Ukraine might use facial recognition technology to identify the deceased

Ukraine's military might already be using it to catch Russian operatives.
Chris Young
Facial recognition system concept.martinwimmer/iStock

Ukraine's military may be employing Clearview AI's controversial facial recognition technology to catch Russian operatives and identify the deceased amid the ongoing conflict in the country, Reuters report reveals.

Clearview AI CEO Hoan Ton-That told Reuters that the company offered free use of its software to Ukraine's defense ministry. It hasn't offered its technology to Russia. 

To date, at least 636 civilian casualties have been recorded in Ukraine by the United Nations, and the number is likely much higher, with reports of mass graves in besieged cities such as Mariupol.

Ton-That is clearly trying to frame Clearview's technology as a force for good amid the widespread global condemnation of Russia's invasion of Ukraine. The company, however, has come under fire in recent months and years for dystopian applications of its technology as well as the unconsented hoarding of private images off social media.

Clearview's CEO explained that Ukraine's forces could use the technology at checkpoints to uncover Russian operatives, identify dead bodies, and also fight misinformation. Though it is not clear whether Ukraine's military is actively employing the software, Ton-That claimed that Ukraine government agencies plan to start using the technology over the coming days.

Clearview AI's controversial technology

Clearview says it has a database of more than 10 billion images, 2 billion of which come from Russian social media platform VKontakte.

The Italian Supervisory Authority (SA) announced earlier this month that it was fining Clearview AI €20 million ($27.9 million) for unlawfully scraping and storing images of Italian nationals. It also ordered the company to delete any images of Italian citizens from its databank. The company has also received orders from government agencies in the U.K., France, Canada, and Australia to delete images of its citizens and residents. Meta, Google, and Twitter have also demanded that the company stop scraping images off of their platforms.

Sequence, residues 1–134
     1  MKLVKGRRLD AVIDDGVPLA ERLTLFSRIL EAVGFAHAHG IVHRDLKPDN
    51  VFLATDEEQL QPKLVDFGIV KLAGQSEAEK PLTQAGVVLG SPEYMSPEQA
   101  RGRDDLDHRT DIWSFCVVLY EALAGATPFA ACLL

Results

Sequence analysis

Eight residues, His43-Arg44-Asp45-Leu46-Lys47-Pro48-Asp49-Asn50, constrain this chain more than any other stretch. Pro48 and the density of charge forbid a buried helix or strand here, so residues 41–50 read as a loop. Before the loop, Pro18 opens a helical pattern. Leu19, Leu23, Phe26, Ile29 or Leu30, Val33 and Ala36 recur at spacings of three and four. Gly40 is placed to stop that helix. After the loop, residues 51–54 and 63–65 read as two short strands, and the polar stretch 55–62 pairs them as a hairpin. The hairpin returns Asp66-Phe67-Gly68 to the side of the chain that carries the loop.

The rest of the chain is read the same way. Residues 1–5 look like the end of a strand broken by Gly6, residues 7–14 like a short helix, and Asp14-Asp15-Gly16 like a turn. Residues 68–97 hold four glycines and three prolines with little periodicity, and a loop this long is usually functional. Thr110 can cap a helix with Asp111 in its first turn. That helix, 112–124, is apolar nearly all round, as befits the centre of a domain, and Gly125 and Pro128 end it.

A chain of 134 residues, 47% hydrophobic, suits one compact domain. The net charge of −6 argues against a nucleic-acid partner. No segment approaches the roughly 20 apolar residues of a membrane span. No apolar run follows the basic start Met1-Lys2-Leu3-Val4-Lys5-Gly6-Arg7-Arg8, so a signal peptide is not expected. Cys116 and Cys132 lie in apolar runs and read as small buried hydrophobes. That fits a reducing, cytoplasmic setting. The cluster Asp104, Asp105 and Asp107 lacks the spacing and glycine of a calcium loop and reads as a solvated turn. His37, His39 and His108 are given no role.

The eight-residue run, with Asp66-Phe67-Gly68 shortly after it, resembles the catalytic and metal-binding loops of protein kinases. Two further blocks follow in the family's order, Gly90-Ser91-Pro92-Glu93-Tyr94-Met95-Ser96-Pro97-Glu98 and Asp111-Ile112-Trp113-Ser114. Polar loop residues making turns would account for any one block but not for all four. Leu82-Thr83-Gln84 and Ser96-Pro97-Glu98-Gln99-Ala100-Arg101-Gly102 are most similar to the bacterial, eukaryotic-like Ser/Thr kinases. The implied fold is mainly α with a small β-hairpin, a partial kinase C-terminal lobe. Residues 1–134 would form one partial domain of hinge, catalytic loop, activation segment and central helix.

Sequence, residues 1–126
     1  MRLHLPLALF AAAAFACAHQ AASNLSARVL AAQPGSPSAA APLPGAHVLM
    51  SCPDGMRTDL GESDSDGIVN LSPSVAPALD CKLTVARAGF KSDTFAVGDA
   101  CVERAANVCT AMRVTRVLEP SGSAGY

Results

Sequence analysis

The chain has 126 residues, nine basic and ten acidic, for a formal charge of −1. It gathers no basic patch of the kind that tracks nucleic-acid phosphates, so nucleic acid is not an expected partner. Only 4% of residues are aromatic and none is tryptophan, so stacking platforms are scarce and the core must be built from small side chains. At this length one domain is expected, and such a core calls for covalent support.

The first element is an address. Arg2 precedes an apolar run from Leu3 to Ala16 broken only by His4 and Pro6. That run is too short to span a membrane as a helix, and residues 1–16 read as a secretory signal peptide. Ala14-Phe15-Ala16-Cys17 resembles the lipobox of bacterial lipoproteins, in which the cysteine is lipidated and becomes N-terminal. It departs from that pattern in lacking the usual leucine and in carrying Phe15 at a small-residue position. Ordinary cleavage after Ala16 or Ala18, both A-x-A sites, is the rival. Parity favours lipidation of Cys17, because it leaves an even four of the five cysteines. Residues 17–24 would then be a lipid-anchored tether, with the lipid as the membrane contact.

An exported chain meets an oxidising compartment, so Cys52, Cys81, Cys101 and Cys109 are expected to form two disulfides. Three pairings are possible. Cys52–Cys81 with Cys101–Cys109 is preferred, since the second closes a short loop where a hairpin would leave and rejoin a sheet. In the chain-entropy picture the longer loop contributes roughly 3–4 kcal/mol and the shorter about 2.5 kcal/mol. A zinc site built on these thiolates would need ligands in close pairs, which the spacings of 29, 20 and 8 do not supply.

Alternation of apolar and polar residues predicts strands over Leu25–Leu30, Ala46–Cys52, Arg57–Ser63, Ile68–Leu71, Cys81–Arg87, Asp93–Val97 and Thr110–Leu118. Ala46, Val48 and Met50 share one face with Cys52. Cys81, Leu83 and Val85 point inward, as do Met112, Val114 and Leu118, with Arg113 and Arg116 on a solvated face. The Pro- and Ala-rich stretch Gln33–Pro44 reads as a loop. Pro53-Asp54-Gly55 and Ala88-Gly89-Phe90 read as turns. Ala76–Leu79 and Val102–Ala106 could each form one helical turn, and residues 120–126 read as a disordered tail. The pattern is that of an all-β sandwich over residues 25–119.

Last year, Clearview was also derided for filing a patent outlining dystopian applications for its technology, as it could be used to identify homeless people and drug users. The new patent also detailed potential use cases for the private sector, after Clearview clearly stated in a federal court that it will "avoid transacting with non-governmental customers anywhere."

Clearview CEO Ton-That is pitching his company's software to the world as a technology that can help an oppressed nation overcome its invaders. It may well help Ukrainian officials in a dire time of need, as with Elon Musk's rerouting of Starlink capacity. Still, as with the increasing number of A.I.-controlled killer robot prototypes out there, it is a technology that is best deployed with extreme caution, or not at all, lest it be normalized as a tool on and off of the battlefield.

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